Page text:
Whatever the punishment, Padilla said she's already looked into what she might have to do to shield her from lawsuits in the future.
While Padilla does not get paid directly for reviewing products, she does get products for free and is also paid by advertisers on her site. Additionally, Padilla was recently chosen to be an "online brand advocate" for Energizer re-chargeable batteries, a gig for which she is paid.
"I'm definitely going to consult a lawyer," Padilla said. "I've had specific disclaimer notices on some posts and some disclosure statements, but I need a blanket one for the overall site.
"I just don't know if I'm protected enough."
Sam Bayard, the assistant director at the Citizen Media Law Project developed by the Berkman Center for Internet & Society, said that while liability issues in connection to product reviews and blogging is fairly new territory, there are several things worried bloggers can do to try and shield themselves from lawsuits.
"Generally, the advantages of [setting up as] an LLC is that it makes you part of an organization," Bayard said of limited liability companies. "If someone else you work with says something defamatory, then it's the company, not you, that is held responsible."
Bayard said that "using common sense" may be a blogger's best defense as the FTC works to cement its policy on product reviews and endorsements.
"You shouldn't lie about your experiences with a product," he said. "If they're hiring you in a way or paying you to write the review, you may consider asking them for some background information on the product.
"Ask the company to tell you what a fair or accurate way to describe the product is to avoid any trouble."
Transparency about your blogger-company relationship, along with refraining from publishing extravagant claims, like saying that a product cured an ailment, are also good guidelines, Bayard said.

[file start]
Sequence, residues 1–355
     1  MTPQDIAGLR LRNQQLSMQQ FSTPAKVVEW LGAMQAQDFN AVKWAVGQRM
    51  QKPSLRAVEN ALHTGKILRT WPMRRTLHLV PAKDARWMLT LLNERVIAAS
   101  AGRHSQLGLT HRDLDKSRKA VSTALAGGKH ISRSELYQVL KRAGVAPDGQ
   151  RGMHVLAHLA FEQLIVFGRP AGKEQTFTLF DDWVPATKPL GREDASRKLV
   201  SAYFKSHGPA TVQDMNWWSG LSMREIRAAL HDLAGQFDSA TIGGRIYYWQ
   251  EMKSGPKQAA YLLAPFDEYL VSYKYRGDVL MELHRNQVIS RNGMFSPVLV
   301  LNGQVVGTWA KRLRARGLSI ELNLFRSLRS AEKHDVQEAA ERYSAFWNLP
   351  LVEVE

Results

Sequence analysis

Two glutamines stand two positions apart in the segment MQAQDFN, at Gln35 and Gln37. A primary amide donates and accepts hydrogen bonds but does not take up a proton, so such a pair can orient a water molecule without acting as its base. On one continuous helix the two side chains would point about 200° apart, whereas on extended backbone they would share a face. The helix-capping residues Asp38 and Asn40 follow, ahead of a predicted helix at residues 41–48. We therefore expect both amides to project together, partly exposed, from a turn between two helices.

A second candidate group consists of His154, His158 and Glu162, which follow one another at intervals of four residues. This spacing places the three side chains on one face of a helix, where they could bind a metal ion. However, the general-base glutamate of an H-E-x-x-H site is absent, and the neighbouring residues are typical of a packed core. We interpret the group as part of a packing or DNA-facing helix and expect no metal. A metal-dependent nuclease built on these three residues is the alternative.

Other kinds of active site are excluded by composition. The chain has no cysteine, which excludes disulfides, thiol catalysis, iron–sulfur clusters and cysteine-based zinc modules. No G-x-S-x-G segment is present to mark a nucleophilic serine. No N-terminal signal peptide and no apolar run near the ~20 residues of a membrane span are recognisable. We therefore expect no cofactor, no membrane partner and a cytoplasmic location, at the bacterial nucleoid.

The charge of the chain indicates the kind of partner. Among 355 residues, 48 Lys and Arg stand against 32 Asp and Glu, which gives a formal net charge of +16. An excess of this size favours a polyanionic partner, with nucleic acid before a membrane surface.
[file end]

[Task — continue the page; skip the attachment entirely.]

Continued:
Linsey Krolik, a contributor to the Silicon Valley Mom's Blog and a technology and business lawyer, agreed that the best thing bloggers can do to protect themselves is remain as honest as possible when it comes to their product reviews.
"Some bloggers write in a way that makes it seem like they went out and bought the product and that it wasn't sent to them for a free review," Krolik said. "[Bloggers] should really have a disclosure policy or disclaimer that really reflects what they're doing.
"Mom's just need to be educated about the information they're really putting out there."
No matter what comes of FTC policy, BSM Media's Bailey predicts that companies eager to remain in touch with the mommy community may simply change to avoid the new rules.
"This sort of marketing isn't going to stop," she said. "These companies have realized how important it is to market to mothers; the foundation has been set."
Bailey estimates that the annual spending of mothers in the U.S. is $2.1 trillion and projects that number to rise to $3 trillion by 2012.
"I am certain they will find a different way to get to these moms," she said.